It ain't over: Now that a major company has crossed the nonconforming line in golf clubs available in the United States, what will happen on the golf ball issue? There has been talk for years about 'rolling back' the distance the ball can go, or at least stopping it where it is. Over the years, the U.S. Golf Association has gathered the support of Jack Nicklaus, Arnold Palmer and others in its crusade to keep the ball from becoming a rocket.
But now that the USGA has essentially accepted a world that includes Callaway Golf's nonconforming ERC II driver (indeed, what else could the USGA do?), it can't very well try to come down hard on golf balls without drawing restraint-of-trade allegations. Sure, the USGA can make rules against 'hot' balls, but it will have to be consistent in its treatment of both balls and clubs if it is not to anger the industry into lawsuits.
And that means that if a company introduces a ball that doesn't conform to the Rules of Golf, all the USGA can do, as it did with the Callaway driver, is issue a statement saying it hopes recreational golfers will play by the rules.
The Supreme Court we'd like to see: Casey Martin's case is finally going to the highest court in the land. But with all this talk about 'legal' and 'illegal' clubs, I'd like to see the nonconforming club issue come before the Supreme Court. Here's what the oral argument might be like:
LAWYER: Your Honors, the recreational game is vastly different from the elite game of golf, and therefore so-called hot drivers do not pose a threat to.
CHIEF JUSTICE REHNQUIST: Counsel, are you saying we should make two sets of rules?
LAWYER: Well, yes, Mr. Chief Justice, in a sense. And.
JUSTICE KENNEDY: By the bye, why do people call these clubs 'legal' and 'illegal?' We're not aware of any law disqualifying golf clubs or putting people in jail for using the wrong ones. Just the Rules of Golf, and from what I can see, they operate at the consent of the people who follow them.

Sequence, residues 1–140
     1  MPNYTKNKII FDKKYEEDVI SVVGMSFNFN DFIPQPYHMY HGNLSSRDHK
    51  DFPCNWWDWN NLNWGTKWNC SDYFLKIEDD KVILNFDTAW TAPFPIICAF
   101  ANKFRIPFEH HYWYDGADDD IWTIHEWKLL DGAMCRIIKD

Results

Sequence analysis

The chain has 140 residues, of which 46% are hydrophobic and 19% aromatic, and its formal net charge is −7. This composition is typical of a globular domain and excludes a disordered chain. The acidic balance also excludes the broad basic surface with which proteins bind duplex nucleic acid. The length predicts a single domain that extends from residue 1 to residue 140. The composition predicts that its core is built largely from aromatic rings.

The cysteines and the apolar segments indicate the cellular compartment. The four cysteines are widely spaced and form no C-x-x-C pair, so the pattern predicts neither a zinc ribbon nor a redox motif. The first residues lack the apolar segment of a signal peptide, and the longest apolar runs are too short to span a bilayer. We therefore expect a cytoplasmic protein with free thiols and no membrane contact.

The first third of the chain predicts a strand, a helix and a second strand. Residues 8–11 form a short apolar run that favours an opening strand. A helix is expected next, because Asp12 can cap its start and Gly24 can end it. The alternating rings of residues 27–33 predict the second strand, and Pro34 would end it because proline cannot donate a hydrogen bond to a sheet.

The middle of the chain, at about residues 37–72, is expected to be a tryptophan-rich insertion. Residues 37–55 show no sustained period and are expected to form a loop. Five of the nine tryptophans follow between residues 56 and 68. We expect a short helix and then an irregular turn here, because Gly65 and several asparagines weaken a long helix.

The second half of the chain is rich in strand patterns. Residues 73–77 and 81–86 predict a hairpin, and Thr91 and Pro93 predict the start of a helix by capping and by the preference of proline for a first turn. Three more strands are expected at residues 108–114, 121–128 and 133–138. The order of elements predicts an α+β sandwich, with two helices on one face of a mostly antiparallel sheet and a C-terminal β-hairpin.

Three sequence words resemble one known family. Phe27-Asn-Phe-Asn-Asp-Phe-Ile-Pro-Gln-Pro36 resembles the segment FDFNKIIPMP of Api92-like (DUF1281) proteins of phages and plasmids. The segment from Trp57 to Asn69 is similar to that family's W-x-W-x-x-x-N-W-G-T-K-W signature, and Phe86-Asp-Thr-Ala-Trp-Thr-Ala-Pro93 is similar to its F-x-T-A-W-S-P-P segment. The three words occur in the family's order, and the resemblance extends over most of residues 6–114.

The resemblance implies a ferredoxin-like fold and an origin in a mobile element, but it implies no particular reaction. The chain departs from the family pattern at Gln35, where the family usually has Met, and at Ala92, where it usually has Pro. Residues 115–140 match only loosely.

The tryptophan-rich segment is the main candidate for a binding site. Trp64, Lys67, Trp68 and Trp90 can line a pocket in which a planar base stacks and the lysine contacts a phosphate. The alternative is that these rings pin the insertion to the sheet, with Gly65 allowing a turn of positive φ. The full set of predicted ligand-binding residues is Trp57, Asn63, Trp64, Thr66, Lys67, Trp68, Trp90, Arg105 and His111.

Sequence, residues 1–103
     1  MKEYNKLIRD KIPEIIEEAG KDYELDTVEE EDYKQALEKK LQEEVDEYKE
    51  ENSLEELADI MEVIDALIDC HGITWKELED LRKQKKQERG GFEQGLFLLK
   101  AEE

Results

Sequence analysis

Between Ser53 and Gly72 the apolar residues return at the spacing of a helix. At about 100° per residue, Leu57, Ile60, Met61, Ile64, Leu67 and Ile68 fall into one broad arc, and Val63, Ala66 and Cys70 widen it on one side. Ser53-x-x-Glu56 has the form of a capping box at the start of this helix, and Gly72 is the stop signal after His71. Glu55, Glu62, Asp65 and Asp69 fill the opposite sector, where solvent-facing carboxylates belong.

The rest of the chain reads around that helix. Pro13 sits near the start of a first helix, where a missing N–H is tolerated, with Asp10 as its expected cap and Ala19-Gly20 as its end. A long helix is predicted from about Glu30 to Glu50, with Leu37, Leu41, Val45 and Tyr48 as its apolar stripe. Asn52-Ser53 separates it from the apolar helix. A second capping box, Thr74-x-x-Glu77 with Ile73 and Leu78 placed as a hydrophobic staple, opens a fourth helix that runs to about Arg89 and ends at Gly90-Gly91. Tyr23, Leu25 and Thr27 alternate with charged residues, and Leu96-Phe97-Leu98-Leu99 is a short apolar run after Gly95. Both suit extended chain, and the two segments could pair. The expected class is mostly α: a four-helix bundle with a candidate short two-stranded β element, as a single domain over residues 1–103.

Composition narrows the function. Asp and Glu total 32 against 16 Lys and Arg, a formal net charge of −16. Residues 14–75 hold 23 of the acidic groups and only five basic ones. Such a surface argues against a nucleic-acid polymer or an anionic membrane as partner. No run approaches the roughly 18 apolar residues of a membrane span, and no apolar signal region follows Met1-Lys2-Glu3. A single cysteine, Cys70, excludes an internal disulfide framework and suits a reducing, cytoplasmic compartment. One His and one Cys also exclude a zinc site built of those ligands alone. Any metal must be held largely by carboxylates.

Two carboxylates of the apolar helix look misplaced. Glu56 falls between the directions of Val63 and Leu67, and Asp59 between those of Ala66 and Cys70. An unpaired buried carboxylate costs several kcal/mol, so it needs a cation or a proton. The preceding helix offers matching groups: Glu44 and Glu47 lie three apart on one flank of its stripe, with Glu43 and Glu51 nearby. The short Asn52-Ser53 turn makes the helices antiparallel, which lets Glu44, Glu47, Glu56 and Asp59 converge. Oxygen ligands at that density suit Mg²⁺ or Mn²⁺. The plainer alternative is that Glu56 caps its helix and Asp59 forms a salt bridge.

LAWYER: Well, Your Honor, it's a term of convenience for.
JUSTICE O'CONNOR: Speaking of convenience, it'd be real convenient if we could hit some of these drivers.
CHIEF JUSTICE REHNQUIST: Agreed. Let's adjourn to the National Practice Range.
To Show or not to Show? What Callaway and other companies have begun to do is save the money they would have spent on the PGA International Golf Show in Las Vegas and use it to have a big press pow-wow at headquarters. Other companies, including Titleist, TaylorMade and Wilson have gotten into the habit of introducing products outside the context of a merchandise show, and certainly out of the context of Las Vegas. Well, Titleist introduced its latest ball in Vegas, but at the PGA Tour event, not the Show.
In a way, that steals some thunder from the Orlando show, because many of the new products will already be known to the press, and therefore the public. So Orlando will become more of an industry meeting, instead of a stage for products debuts.
That might not be all bad. After all, why share attention with 1,499 other exhibitors?